Almost all heart attacks and strokes start out with the same process. A localized area of inflammation develops in an artery. This damages the inner lining of the artery, called the endothelium. When the endothelium is damaged it can sometimes act as a focus for millions of microscopic platelets to clump together and form a blood clot. When the blood clot forms, it can block an artery leading to the death of any tissue that relies on that artery for oxygen.
We’ve already discussed in a past article how the gut bacteria can create trimethylamine (TMA) out of carnitine and choline in food. The liver converts this to the toxic metabolite trimethylamine oxide (TMAO). TMAO has been shown to be a cause of the actual blood clots that create heart attacks and strokes.
How this works was shown in a recent study published by Dr. Hazen and his colleagues at the Cleveland Clinic. People with higher blood levels of TMAO had much higher risks of heart attack and stroke, which we already knew. But they went on to place TMAO in suspensions that contained human platelets undergoing tests of clotting.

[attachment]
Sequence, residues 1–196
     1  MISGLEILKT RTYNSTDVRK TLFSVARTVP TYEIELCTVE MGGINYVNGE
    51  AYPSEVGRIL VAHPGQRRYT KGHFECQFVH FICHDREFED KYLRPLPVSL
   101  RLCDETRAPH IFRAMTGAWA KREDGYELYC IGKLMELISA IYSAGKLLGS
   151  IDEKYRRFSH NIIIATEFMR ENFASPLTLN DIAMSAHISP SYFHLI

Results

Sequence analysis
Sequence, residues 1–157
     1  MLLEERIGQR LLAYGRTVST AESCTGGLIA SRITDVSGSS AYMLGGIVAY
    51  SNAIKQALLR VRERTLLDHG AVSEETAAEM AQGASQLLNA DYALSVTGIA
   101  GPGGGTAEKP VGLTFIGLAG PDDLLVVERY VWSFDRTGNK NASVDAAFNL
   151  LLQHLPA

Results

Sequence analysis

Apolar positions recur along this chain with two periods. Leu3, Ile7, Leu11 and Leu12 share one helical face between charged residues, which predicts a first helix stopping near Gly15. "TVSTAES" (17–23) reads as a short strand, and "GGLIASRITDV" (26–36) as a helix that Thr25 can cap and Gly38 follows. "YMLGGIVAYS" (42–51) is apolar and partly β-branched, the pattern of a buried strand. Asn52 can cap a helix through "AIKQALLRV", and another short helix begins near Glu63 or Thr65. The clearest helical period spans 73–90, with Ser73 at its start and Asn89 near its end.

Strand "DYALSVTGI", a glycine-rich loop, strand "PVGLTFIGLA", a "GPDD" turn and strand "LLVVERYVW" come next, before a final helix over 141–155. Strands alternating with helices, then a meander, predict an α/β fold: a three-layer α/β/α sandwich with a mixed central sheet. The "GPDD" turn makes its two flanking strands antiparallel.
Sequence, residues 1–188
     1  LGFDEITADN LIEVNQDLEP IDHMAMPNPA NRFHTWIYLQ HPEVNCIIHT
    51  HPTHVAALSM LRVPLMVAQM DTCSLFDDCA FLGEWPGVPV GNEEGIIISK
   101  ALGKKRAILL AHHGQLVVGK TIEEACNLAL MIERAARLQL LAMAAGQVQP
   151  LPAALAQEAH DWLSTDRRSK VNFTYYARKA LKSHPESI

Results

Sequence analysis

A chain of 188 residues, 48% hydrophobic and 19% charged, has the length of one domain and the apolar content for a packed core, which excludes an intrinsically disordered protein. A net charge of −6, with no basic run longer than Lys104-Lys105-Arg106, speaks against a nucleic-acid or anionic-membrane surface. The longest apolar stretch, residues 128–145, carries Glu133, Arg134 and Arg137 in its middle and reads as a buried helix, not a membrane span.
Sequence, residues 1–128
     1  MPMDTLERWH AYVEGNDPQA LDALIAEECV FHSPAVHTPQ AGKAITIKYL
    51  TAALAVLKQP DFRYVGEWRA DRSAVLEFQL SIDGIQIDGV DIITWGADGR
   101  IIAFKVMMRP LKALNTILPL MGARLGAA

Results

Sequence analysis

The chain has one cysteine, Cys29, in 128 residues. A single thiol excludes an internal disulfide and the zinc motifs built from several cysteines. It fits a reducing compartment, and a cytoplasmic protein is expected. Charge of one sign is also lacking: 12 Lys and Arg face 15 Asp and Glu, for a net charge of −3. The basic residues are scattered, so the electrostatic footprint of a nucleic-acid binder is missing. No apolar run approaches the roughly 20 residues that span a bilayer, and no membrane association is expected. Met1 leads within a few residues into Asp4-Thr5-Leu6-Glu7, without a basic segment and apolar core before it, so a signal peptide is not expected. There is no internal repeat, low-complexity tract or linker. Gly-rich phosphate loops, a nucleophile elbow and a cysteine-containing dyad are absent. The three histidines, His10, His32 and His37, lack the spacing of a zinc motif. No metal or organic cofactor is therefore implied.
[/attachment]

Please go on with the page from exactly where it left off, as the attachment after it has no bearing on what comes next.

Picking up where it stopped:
The presence of TMAO in samples tested for clotting in different circumstances markedly increased the speed at which those clots formed. The amount of total clotting was tested in conditions where the blood was flowing and where it was not with the same results.
Here is the mechanism. When platelets are exposed to TMAO, it makes the platelets react more quickly by changing how rapidly and completely they release calcium, which creates the clotting effect.
TMAO was the main problem. They gave some mice TMAO and they all clotted quickly. Then they gave some mice the food precursors to TMAO, but gave antibiotics that killed the bacteria so TMAO levels didn’t rise and those mice clotted normally. Interestingly, the worst combination was when they gave TMAO and antibiotics.
What does this mean?
We know that eggs, meat and dairy products contain precursors that your body turns into TMAO. We know that the process is started by bacteria in your gut. We now know TMAO is a major risk factor for heart attack and stroke, and additionally, we know one of the mechanisms: Platelets clot more quickly and thoroughly in the presence of TMAO.
Our office can order a blood test for you to find out your own TMAO level, and then we can work with you to get your level down if it is high. Let us know if you are interested.